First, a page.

It’s Champions League action this evening as we take on Sevilla at home.
The team could be an interesting one, as it’s possible we go into this game with none of Gabriel Jesus, Martin Odegaard, Emile Smith Rowe, Thomas Partey, and Eddie Nketiah available. The latter faces a fitness test today having picked up a knock in the defeat to Newcastle at the weekend, while the captain has a ‘persistent’ problem according to Norway coach Stale Solbakken. Injuries are beginning to mount up.
I don’t think you can say we’re down to bare bones, but it certainly limits choice for Mikel Arteta. The absence of Jesus in particular will make this evening challenging. He was the difference maker in the away game, with a brilliant goal and a fantastic assist, and if Eddie doesn’t make it, the manager has got to think about who he deploys up front.
The obvious options are Leandro Trossard and Kai Havertz, but the German might be required in a midfield role again if Odegaard isn’t fit enough. Beyond that, I think the team more or less picks itself. I wouldn’t be overly surprised to see Takehiro Tomiyasu start at right back with Oleksandr Zinchenko back on the left, but aside from that decision up front, there’s not much that would catch me off-guard.
The state of play in the group means a win would ensure Sevilla can’t catch us, and it’d put us in a very healthy position in the group – although a win for Lens over PSV would see them right behind us. Speaking to the press ahead of this one, Arteta said:
The moment you have a chance in football to put it to bed, do it. We have to do a lot of things right tomorrow to earn the right to win it against a really good team with enormous experience in this competition.
We have to prove tomorrow in front of our people how excited we are to play that game and what it means for us.
So, let’s hope we can cope without so many key players. That is going to make it more difficult, but it’s also a chance for some others to step up. Hopefully we can get our wide men more involved in this game than the last couple, but Sevilla paid close attention to Bukayo Saka in particular in the previous game, and he’s going to need to be at his robust best to make an impact.
As you might expect, the issue of officiating came up in the press conference, and it has been a major talking point this week. Not just – it’s worth pointing out – because of what happened in our game, but on Monday night, to Wolves (again), and more. And it will happen next week and the week after and so on.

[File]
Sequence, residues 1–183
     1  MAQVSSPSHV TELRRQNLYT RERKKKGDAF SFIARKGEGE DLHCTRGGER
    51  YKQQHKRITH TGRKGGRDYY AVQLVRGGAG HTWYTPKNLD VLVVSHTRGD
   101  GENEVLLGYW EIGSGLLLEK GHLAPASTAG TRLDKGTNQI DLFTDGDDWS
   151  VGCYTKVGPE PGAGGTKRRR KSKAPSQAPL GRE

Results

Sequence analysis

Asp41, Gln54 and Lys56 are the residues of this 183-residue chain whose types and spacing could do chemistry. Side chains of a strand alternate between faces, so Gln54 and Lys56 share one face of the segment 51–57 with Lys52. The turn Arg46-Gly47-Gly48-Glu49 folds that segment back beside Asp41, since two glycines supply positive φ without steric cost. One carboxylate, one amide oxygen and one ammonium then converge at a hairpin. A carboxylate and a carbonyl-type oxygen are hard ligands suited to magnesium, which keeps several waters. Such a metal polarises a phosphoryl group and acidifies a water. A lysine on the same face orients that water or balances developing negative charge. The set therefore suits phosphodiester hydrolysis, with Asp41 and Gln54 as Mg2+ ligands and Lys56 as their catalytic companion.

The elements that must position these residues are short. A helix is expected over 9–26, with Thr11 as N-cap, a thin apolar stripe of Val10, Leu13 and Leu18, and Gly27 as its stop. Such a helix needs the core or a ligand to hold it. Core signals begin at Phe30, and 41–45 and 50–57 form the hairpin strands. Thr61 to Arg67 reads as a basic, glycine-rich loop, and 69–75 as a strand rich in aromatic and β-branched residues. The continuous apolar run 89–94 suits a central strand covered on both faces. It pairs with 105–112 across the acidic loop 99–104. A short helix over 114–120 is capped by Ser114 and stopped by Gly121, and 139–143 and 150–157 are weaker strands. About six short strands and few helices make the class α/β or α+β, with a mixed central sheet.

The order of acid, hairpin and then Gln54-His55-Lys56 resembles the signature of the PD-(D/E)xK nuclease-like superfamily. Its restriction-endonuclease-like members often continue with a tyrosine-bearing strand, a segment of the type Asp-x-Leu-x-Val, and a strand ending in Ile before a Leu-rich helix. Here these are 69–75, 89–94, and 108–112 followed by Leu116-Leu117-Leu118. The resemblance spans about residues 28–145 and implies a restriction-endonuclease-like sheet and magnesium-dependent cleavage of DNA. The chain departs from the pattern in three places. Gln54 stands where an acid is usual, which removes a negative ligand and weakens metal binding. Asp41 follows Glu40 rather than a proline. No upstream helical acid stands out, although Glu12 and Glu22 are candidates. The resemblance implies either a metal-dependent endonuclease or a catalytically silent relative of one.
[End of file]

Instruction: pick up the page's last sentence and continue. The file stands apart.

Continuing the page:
This is why the gate-keepers who basically tell us we shouldn’t discuss this issue are so frustrating. Of course every manager has their own interests, but if someone has a legitimate complaint, trawling through every word they’ve ever said to pluck out a ‘DIS YOU?! GOTCHA!’ isn’t much use to anyone. Yes, refereeing is difficult, everyone accepts that, but they’re not a group of chosen-ones who are above and beyond criticism.
Shutting down discussion helps nobody; the gaslighting from prominent pundits and media figures insults fans; and I thought Arteta put it well yesterday:
Errors are part of an evolution. There are always bumps along the road and maybe these things are very necessary to improve the game in the right way. And that’s it. But we have to talk loudly.
You have a problem and you put it there in a drawer, the problem is that the drawer is going to stink at some moment. If we have a problem, let’s talk about it, let’s try to improve it and let’s try to in a very constructive way, try to improve it. That’s it. That’s what we are trying to do. Nothing else.
That said, there is an onus on managers who want improvement and change to acknowledge decisions that might go their way at the expense of their opposite number. If we get a goal that should have been disallowed, for example, Arteta ought to say something like, ‘I can understand why X MANAGER is unhappy with that’, rather than, ‘I didn’t see it’. This is inarguable to me. You can complain about decisions that go against you all day, but unless it becomes more of a two-way street, nothing will ever change. I’m happy for him to speak out right now, but if it’s for the best interests of the game, the tenor of his – and all managers – post-game remarks will have to shift too.
As for the conflation of his remarks with that of Ange Postecoglou, you have to be completely stupid not to see the difference. He literally had nothing to complain about it, with two players sent off for violent conduct, and when asked if referees should be respected, Arteta said:
I fully agree that we have to respect and this is what we try to do. We have to have respect, you have to have good trust and the capacity to have a conversation and opinions. That’s when respect is built.
Which tells you plenty. So, let’s hope we can draw a bit of a line under this stuff now, and focus on the football. That said, there’s a lot of this stuff in what was a fun preview podcast over on Patreon, and a little bit on the game itself. You can get that here, and instant access to everything we do on Patreon for around a fiver a month.
Right, catch you later for the game.